Improved and reorganized Project Settings

The Project Settings dialog has seen a makeover. The categories have been reorganized to make more sense and reduce bloat and a new "advanced" mode has been introduced.

This new mode removes most project settings other than the basic ones to ensure that new users don't feel overwhelmed by the huge amount of options and flexibility and can learn their way through the most important customization options available.

Once confident enough, the "advanced" tab is set, which allows for editing of the rest of the settings as well as the extra customization options.


Once enabled, the "advanced" setting is remembered for the current project.

Improved Process/Pause mode

While not entirely an editor feature, Godot 4.0 unifies the process and pause settings into a single menu. This allows for disabling of nodes in a tree fashion. This was one of the most user-requested features, as Godot allows for easily hiding nodes but not disabling them.


Additionally, as can be seen above the scene tree editor will show the disabled nodes in a more grayed out fashion.

Preview Sun and Sky

Another very requested feature was also implemented, which is the ability to have a preview light and preview sun in the 3D editor. The new dialog was created mainly with two goals:

  • Allow to have a quick frame of reference regarding to lighting when importing or editing 3D scenes stand-alone.
  • Give new Godot users the ability to visualize their assets with a default set of high quality settings, as it is always a common source of confusion that, when just imported, assets look too plain in Godot.


As these settings are only meant for preview, they won't be visible when running the game but both have a quick way to create the actual nodes based on these settings with just a button press at the bottom.

When either nodes (DirectionalLight3D or WorldEnvironment) exist in a scene, the preview setting also disables automatically, ensuring consistency and ease of use.

Default Importer Settings

Another common problem Godot users run into is that setting default values for certain types of imported assets was confusing. This is resolved by the new "Default Importer Settings" tab in the Project Settings dialog.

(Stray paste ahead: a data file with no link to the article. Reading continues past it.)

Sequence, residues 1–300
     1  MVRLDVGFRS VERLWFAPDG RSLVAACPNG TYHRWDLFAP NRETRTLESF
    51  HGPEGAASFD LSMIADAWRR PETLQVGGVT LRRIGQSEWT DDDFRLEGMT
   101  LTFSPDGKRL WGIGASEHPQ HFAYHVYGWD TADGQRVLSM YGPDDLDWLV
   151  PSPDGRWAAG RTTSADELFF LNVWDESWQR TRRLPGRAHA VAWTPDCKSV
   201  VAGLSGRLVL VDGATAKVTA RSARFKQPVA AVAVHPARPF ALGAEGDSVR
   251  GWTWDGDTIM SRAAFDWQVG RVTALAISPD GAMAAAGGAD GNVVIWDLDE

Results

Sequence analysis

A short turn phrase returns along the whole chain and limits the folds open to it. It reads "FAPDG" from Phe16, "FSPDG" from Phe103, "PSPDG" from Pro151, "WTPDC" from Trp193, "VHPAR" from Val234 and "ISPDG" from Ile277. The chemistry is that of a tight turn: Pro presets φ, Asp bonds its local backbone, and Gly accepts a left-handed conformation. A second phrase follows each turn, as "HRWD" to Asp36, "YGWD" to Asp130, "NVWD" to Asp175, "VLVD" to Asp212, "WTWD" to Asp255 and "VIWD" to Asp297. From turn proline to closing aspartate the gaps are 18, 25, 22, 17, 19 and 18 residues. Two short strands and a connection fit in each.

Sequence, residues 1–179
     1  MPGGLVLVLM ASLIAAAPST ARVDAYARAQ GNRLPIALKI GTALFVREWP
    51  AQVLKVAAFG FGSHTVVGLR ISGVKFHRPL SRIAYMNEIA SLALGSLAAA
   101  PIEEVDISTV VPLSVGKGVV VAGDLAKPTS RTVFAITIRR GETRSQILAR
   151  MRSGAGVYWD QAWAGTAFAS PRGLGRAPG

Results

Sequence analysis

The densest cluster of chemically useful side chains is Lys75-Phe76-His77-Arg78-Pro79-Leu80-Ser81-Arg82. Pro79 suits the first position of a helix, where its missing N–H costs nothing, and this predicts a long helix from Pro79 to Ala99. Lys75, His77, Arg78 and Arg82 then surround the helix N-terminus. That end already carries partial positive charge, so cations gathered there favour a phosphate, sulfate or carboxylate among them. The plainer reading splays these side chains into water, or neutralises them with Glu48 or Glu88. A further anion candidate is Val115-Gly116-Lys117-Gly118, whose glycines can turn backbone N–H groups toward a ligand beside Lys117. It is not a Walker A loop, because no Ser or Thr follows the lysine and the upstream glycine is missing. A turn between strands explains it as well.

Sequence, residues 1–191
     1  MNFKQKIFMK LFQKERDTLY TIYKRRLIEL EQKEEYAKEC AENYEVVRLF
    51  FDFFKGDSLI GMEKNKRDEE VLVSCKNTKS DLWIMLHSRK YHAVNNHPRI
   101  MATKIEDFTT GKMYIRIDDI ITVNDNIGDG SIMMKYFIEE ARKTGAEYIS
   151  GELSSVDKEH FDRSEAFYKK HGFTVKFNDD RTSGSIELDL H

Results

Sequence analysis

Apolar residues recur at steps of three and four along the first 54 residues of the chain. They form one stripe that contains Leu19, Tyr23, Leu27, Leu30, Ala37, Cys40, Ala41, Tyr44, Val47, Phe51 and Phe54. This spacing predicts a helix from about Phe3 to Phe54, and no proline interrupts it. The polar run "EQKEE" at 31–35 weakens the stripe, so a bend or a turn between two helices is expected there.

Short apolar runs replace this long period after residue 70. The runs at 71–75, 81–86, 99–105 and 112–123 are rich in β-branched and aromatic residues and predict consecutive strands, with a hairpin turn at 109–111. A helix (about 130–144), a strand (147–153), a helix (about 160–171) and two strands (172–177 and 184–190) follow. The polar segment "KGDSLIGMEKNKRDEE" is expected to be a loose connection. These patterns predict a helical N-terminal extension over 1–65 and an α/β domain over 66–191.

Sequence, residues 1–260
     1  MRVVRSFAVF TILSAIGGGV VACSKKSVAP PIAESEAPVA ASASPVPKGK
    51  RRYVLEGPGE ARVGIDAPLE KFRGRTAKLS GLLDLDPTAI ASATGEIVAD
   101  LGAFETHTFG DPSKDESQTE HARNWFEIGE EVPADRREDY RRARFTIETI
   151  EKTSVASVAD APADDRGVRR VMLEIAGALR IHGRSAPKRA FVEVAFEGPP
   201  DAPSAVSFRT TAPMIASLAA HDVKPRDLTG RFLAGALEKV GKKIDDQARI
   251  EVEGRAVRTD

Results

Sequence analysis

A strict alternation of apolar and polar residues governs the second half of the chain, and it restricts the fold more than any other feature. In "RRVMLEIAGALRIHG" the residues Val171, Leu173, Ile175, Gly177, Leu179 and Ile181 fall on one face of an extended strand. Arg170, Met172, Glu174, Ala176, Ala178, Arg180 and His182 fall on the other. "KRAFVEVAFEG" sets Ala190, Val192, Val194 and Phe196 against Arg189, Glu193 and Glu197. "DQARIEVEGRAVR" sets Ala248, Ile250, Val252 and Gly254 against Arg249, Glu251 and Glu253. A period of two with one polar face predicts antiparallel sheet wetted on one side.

Thew new tab allows to precisely customize importer options for each type of resource. This feature was also back-ported to Godot 3 and will be available on the upcoming Godot 3.3 release.

New 3D asset import workflow

Importing 3D assets was a hit or miss experience in Godot. Import options were limited to a tiny "Import" menu that attempted to do too much and fell short.

The new importer has an "Advanced" mode, which allows to precisely customize every individual node, mesh, material and animation.


Additionally, handling of external assets was re-thought. In Godot 3.x, assets are simply saved to file by name, which can be very confusing or create chaotic situations when overwriting files.

In the new importer, this process is done via manual steps, so the user has more control on which assets are moved to external files, which paths are used, etc.


As a result, it's more obvious where everything goes and what's happening during the import process.

The new system also solves the problem of assigning external materials to replace the ones in the imported file in a very elegant way, allowing to either make the materials that come with the asset external, or just replace them by existing external ones.

Ability to "keep" files

Often, users would prefer that Godot does not import some files (like PNG, CSV, etc) and deal with them manually during the game run-time.

This is now possible with the "keep" option. When selected, the assets will be kept and put in the game export "as-is".


Threaded importing

Another very common problem users face in Godot is the long time it takes to import large amounts of images. To aid this, the new importer has been reworked to operate using multiple threads.

This results in a performance improvement of over ten times (if you have a modern computer with multiple cores).


With the editor work done, I will now go back to working on rendering for the next month to finalize the missing bits and pieces pending in my TODO list. Afterwards, it will be time to start working towards our first Godot 4.0 alpha! And again, remember we do this out of love for you and the game development community so you can have the best possible engine we can make with the same freedom as if you made it yourself.

If you are not, please consider becoming our patron!

Sours: https://godotengine.org/article/editor-improvements-godot-40